To do this, a theodolite with an ocular prism is used to observe tall stars, as well as special devices for illuminating the net of threads inside the pipe with reflected light. Theodolite is set in such a way that the northern part of the sky with a specific object, which determines the true azimuth, is clearly visible. The instrument must have vertical and horizontal limbs. When installing the theodolite strictly horizontally, a limb is fixed, and the pipe must be directed to the illuminated point of a particular area. Observation of the stars is as follows: a cross of threads is induced on the stellar body closest to the passage of the meridian, after which it is necessary to make accurate readings on the horizontal and vertical limbs. When a stellar body passes through the meridian, several similar observations must be made. After the stellar body passes through the meridian, theodolite is set to such a height that it occupied at the last moment of observation until the culmination of the stellar body. When the star approaches the horizontal thread of the pipe, you need to point it vertically at it, and then count the values ‚Äč‚Äčalong the horizontal limb. Thus, readings on the horizontal limb are made every time the tube occupied the position until the culmination of the star. After that, the meridian count is determined according to the arithmetic mean value of two symmetric samples of the horizontal limb. From the resulting definitions of the true meridian directions, which correspond to the number of star positions before passing through the meridian, as well as after it, you need to take the average value and subtract it from the reference for the terrain.

Determining true azimuth from the sun

Determining true azimuth from the sun

This method is more accurate and simple: it is necessary to observe the sun at the same heights. If you go from the point of terrain to the highest point occupied by the Sun, you can find the southern direction of the true meridian.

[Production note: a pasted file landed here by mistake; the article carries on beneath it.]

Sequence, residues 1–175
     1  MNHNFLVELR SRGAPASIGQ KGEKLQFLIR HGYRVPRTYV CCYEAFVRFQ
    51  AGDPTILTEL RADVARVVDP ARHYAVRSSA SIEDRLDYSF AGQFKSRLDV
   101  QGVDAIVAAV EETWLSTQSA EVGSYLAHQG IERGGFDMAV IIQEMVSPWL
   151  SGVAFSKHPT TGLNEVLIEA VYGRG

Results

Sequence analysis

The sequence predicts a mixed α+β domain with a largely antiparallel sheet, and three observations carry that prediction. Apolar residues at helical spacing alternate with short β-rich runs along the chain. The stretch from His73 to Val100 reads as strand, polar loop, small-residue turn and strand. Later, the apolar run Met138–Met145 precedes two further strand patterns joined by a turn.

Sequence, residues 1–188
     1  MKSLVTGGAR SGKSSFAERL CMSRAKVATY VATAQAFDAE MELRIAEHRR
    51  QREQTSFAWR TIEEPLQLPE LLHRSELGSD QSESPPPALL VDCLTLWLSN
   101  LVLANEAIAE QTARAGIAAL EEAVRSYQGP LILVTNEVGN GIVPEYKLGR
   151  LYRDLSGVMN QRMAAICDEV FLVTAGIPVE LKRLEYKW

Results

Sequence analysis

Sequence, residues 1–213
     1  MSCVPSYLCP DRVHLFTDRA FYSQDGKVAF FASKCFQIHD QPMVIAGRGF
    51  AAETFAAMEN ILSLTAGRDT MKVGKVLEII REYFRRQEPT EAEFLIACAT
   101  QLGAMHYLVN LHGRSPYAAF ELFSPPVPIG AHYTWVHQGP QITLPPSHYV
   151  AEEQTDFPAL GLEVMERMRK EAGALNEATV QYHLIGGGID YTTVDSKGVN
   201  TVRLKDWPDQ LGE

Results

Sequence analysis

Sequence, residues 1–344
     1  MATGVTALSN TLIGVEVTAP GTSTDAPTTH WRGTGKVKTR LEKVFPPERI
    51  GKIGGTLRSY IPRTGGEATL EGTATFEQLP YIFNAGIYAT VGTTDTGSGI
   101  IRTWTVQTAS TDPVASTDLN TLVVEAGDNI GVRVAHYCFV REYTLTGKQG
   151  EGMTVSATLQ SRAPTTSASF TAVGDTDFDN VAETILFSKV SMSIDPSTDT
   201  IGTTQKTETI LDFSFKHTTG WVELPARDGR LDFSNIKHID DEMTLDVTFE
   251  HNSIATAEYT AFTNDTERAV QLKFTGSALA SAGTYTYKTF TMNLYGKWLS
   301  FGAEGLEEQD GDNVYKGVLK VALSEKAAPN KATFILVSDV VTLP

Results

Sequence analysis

Orientation of directions: true and magnetic azimuths

Orientation of directions: true and magnetic azimuths

Knowing the magnetic and true azimuths, you need to know the definition of directions, having a geographical map and a compass. That is, in this case, it is necessary to calculate the relationship between the true and magnetic azimuths and calculate the right direction and further orientation. To do this, you need to translate one value into another and vice versa. So, in order to translate the true azimuth into magnetic, knowing the magnetic declination, it is necessary to reduce the first by the magnitude of this declination in the case of a deviation to the east, and, conversely, to increase in the case of a deviation to the west, in order to eventually arrive at the right place on the map. To convert magnetic to true, you need to do the calculations the other way around, i.e. in the western declination, its value is taken away, and in the east - it is added. This method can be used when you need an object invisible from the point of view, found and determined from the map, can also be determined from the point of view of magnetic declination when moving around the compass. If it is necessary, on the contrary, to transfer the object found on the ground to the map, you need to determine its location by the compass, respectively, and its magnetic azimuth. In order not to make mistakes when postponing a landmark to the map, you need to determine the true azimuth, and then postpone this angle on the map.

In addition to the above two directions, there is a third, called the directional angle. This is an angle whose degree value can be any degree value from 0 to 360, which is plotted from the vertical coordinate grid in the direction of clockwise movement between the north direction and the one that indicates the desired object on the ground. Postponing the directional angle allows orientation on a topographic map. To prepare the route of movement in magnetic azimuths on the map, you must:

  • Mark landmarks on the turning points of the topographic map.
  • Calculate the directional angle with the length of each section of movement in a straight line.
  • Next, you need to translate the value of the directional angles in magnetic azimuths. This is carried out using a formula in which they are found by subtracting the declination from the direction angle and adding the meridian convergence index. The approach of the meridians is determined by the angle between the true meridian and the vertical grid line of the topographic map.
  • The resulting distance must be converted into pairs of steps if movement is planned to be carried out on foot. After that, all data is applied to a topographic map or a detailed route diagram is drawn up in order to carry out orientation.

Working with a compass: laying the right route

Watch the video: True Bearing and Magnetic Bearing. Surveying (April 2020).